2. NANA may require that activities stop until the archaeological or burial site can be fully investigated.

3. NANA owns any artifacts that are discovered on NANA lands except miscellaneous items discovered by shareholders. (top)

1. The Third Scout Battalion of the Army National Guard is the only military unit to which a permit will be issued. The National Guard is required to obtain a permit from NANA before undertaking any activities on NANA lands. Other units wishing to conduct maneuvers on NANA lands must work through the Third Scout Battalion.

2. There is no charge for military use permits. However, the Guard is responsible for paying costs associated with NANA's monitoring their compliance with permit conditions. (top)

1. All aircraft downed on NANA lands must be removed at the owner's expense.

2. Owners of airplanes downed on NANA lands are required to notify NANA of the planes location within 72 hours of the accident and obtain a permit from the NANA land department for the plane's timely removal.

NANA may waive the requirement for removal of downed aircraft if removal would cause unacceptable resource damage or cause threats to human life.

Aircraft not removed by the owner after proper notification become NANA property.

No aircraft or aircraft parts may be removed from NANA lands without a permit from the NANA land department. (top)

Economic Opportunities on Native Allotments

1. NANA will inform allotment owners of potential economic opportunities for their land and its resources.

NANA will not compete with allotment owners for economic opportunities.

Allotment Sales

NANA will work with the Bureau of Indian Affairs (BIA) to develop a procedure whereby NANA is notified in advance regarding any potential sales of Native allotment within the region.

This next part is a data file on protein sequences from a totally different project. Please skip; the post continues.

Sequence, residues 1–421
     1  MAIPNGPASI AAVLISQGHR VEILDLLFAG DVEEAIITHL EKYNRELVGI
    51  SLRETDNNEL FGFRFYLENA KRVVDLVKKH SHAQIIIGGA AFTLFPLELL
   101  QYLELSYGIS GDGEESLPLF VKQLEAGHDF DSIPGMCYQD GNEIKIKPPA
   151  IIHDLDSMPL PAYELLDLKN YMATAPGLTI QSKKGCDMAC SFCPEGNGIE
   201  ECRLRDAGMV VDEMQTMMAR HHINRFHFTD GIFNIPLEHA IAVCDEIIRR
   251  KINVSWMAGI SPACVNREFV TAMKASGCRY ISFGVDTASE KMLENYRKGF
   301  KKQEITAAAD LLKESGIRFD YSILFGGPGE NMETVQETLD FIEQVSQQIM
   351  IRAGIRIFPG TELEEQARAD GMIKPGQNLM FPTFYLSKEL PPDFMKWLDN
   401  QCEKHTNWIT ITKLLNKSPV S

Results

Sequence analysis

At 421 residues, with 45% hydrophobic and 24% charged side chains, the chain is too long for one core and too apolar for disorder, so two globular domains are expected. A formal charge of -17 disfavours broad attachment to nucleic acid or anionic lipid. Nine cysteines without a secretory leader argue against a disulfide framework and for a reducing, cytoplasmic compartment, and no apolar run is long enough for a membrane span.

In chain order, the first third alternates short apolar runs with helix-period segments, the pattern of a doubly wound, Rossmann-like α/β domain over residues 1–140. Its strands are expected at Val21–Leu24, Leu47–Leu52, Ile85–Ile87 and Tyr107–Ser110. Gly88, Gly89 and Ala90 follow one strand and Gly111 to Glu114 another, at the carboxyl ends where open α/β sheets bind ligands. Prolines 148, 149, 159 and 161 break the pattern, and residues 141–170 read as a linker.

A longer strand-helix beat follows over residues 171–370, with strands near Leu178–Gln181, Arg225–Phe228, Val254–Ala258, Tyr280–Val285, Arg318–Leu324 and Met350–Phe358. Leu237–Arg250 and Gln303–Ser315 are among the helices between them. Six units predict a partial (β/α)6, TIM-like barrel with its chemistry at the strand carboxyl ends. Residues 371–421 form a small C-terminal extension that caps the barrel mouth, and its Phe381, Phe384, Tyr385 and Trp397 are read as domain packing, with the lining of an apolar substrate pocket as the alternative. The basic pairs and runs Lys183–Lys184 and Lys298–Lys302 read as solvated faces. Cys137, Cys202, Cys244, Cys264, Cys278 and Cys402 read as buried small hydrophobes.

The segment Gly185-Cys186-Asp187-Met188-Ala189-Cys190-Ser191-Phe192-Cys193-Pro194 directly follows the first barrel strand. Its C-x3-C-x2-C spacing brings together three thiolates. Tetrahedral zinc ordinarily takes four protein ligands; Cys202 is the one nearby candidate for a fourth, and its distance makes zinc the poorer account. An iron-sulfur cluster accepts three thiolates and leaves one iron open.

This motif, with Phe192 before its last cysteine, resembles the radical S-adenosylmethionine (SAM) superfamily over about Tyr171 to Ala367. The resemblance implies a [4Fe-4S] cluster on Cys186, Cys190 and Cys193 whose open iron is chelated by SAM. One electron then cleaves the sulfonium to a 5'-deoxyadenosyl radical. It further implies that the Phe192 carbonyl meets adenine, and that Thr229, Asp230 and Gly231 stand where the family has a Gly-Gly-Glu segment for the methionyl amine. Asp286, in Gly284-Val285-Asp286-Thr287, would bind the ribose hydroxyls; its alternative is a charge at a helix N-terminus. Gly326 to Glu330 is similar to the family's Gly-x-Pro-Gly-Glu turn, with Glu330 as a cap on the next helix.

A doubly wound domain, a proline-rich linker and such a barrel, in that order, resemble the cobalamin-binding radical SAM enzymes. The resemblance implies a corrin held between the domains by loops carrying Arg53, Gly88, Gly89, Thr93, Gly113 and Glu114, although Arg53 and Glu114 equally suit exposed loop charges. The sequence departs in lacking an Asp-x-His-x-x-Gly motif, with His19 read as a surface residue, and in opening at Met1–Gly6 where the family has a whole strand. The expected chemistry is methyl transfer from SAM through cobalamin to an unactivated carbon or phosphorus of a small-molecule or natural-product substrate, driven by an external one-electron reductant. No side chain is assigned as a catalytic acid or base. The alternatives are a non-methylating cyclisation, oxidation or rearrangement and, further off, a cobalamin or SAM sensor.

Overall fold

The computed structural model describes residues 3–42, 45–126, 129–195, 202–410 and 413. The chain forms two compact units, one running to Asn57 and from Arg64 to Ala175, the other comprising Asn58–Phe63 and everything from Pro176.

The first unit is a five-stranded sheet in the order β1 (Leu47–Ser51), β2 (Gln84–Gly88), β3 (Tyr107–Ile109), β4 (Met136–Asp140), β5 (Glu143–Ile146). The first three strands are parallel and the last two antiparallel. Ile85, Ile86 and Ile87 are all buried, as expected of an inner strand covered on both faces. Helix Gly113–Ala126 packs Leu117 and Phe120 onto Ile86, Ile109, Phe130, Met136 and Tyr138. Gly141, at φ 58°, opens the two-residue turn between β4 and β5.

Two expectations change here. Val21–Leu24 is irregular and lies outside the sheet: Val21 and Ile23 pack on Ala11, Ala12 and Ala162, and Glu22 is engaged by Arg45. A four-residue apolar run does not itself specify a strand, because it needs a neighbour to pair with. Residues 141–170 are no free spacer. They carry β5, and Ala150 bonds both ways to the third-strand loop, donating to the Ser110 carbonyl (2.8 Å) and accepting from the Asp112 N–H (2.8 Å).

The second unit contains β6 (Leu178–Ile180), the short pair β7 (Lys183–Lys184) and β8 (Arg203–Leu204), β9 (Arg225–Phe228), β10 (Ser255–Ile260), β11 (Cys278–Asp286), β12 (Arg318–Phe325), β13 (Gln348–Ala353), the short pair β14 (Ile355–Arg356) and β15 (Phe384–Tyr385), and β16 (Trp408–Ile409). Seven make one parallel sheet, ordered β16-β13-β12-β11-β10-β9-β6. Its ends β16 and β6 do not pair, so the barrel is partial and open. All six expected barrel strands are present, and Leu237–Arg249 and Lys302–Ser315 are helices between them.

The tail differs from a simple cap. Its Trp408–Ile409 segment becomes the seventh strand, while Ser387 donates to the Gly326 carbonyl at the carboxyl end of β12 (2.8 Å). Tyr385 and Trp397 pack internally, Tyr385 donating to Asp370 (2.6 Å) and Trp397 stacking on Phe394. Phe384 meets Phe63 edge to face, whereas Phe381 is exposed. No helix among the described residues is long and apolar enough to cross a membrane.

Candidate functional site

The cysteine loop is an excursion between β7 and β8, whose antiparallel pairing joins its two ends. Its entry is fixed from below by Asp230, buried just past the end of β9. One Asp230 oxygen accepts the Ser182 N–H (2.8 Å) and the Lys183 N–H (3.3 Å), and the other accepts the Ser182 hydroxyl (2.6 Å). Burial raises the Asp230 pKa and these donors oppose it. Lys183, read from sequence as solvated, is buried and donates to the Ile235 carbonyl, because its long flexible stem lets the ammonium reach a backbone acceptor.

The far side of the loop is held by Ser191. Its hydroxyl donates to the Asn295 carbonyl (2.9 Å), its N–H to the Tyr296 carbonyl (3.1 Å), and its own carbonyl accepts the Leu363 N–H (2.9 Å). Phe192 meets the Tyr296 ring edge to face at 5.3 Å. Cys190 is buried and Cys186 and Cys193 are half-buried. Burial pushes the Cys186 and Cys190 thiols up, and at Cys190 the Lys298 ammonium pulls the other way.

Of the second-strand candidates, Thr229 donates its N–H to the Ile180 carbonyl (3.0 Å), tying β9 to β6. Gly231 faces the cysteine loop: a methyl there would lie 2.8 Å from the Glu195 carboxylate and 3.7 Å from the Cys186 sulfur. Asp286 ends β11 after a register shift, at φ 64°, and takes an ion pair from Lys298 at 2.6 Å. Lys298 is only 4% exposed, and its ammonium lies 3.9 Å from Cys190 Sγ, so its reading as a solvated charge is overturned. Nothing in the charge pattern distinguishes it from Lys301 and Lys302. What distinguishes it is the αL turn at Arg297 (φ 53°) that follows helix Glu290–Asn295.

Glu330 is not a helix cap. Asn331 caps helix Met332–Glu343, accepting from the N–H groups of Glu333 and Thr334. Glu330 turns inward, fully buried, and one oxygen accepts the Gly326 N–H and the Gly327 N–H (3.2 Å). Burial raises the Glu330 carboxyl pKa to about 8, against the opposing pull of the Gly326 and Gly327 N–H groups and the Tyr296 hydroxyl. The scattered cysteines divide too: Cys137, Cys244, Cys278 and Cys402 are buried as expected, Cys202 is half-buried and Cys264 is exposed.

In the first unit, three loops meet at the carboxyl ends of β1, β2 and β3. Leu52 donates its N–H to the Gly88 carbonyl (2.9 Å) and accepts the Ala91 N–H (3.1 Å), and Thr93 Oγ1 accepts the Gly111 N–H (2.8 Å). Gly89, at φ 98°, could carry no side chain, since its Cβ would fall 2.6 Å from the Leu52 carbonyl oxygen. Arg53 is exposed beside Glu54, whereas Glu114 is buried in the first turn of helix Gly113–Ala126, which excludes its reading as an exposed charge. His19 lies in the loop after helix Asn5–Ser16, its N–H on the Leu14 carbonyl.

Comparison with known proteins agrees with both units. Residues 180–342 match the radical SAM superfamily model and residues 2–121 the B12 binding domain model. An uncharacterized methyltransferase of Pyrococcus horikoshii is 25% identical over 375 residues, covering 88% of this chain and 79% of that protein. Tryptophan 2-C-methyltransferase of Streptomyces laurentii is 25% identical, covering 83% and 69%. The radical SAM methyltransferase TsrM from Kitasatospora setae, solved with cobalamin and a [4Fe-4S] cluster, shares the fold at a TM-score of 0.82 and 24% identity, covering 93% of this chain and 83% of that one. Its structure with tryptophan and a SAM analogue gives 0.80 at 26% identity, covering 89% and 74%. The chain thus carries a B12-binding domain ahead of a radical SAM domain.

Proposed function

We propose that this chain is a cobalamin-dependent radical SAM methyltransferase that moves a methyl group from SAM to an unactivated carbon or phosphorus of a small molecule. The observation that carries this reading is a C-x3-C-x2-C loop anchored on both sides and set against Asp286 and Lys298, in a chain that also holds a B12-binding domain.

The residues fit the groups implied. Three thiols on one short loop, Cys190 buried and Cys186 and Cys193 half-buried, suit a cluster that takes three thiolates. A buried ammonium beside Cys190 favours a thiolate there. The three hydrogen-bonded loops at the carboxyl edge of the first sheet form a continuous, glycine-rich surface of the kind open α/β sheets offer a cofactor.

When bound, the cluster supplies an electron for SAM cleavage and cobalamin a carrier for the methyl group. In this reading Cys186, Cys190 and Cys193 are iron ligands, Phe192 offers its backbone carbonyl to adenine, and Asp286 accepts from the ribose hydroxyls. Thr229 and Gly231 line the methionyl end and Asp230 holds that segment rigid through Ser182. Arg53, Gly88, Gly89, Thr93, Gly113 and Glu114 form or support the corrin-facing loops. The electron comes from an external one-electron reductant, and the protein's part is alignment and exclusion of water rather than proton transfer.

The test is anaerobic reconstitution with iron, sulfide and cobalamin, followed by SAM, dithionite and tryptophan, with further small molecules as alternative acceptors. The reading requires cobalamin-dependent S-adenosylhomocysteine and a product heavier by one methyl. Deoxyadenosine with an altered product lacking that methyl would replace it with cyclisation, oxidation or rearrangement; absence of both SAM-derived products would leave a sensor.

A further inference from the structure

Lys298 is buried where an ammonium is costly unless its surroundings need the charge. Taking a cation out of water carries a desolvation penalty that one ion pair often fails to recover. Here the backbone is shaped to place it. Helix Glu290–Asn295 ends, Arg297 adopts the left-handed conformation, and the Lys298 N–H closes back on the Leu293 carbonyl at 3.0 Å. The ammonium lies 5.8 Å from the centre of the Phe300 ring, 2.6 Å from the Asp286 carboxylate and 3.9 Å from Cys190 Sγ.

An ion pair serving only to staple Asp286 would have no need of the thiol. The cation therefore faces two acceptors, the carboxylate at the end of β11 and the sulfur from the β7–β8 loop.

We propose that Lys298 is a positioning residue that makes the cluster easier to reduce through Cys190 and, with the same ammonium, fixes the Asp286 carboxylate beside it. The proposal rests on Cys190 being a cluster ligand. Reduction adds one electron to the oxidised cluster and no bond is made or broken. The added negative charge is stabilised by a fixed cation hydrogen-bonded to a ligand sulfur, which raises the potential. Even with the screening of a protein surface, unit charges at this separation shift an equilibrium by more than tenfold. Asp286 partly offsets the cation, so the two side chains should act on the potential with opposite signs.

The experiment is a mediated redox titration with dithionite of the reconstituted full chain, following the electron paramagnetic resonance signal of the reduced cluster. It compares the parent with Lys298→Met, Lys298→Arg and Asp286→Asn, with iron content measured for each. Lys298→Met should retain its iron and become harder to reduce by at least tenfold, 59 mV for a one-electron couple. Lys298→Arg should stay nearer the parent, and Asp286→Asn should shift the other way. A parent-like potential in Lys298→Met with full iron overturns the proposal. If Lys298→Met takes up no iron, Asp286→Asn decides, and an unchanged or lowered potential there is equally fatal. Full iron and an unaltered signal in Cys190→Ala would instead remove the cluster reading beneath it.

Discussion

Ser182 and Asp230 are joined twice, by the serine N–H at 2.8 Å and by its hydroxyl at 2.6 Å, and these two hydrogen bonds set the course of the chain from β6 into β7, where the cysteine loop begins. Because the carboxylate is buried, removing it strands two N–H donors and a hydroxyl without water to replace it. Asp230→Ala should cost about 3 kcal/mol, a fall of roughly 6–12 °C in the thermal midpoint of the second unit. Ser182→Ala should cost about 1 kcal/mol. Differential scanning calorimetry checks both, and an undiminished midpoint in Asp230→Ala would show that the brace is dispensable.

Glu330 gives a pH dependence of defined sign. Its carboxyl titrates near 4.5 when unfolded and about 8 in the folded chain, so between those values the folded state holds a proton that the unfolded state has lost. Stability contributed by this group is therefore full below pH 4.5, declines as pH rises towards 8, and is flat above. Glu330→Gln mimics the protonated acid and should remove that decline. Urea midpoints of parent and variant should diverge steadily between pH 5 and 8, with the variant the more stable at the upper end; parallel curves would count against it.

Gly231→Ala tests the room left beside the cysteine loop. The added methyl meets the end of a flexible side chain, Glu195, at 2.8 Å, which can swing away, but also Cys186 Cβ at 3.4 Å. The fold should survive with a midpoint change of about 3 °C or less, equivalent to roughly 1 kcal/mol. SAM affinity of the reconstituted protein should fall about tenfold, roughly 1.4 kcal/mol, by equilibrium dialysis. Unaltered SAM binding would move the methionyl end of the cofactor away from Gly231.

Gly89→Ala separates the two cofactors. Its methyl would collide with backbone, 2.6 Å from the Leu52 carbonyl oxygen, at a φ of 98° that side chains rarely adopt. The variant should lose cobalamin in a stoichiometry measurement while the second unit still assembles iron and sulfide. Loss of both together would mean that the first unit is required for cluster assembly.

1. NANA will attempt to obtain the right of first refusal to buy Native allotments in the NANA region that are to be sold to nonshareholders.

Allotment Trades

1. NANA staff will asses any proposed trade on a case by case basis and the NANA Board will decide whether any particular trade will be made. (top)


2. NANA will work with the BLM to manage the easements it has reserved on NANA lands. NANA will negotiate with BLM to contract with either NANA or directly with the villages to mark easements.

2. NANA will negotiate with BLM to contract with the villages to perform necessary management tasks on BLM easements on NANA lands. (top)


NANA Procedure

1. A permit from NANA is required for the transport of heavy equipment and vehicles across NANA lands.

2. NANA's permit system will be similair to the one used by BLM and at a minimum will require 1) NANA to consult with affected village IRA Councils prior to issuing a permit; 2) the applicant to show that the proposed move will not damage NANA lands; and 3) the applicant to post a bond sufficient to pay the cost of restoring any areas inadvertently damaged.

3. NANA will work with adjacent landowners/managers to ensure that permit stipulations for any particular overland move are consistent.

Moves that Cause Damage

1. Requests for overland transports that will cause damage to NANA lands will be evaluated using such criteria as the need for the transport, alternatives for moving the equipment, and the damage that will result from the transport.

2. NANA will consult with the affected village IRA Councils about the need for the transport, the route where the least damage will occur, and the probable damages that will result. (top)


1. NANA will post signs and maps at major entry ways to the Region, airports, river entrances - that show major geographic features, easement locations, and tell visitors that they are entering private property. The NANA Land Department's phone number will be listed on the signs for individuals requiring further information.

Serious Trespass Violations

1. NANA will aggressively pursue trespass violations that result in damage to NANA lands and/or loss of resources within reasonable cost and staff time limitations. (top)

NANA will develop additional land use policies for topics not
covered. (top)

2003 NANA Regional Corporation

NANA is the regional Native corporation for the northwest Arctic region.

The Northwest Arctic Borough is the governing body for the region.

The NANA region encompasses 38,000 square miles, an area approximately the same size as the state of Indiana.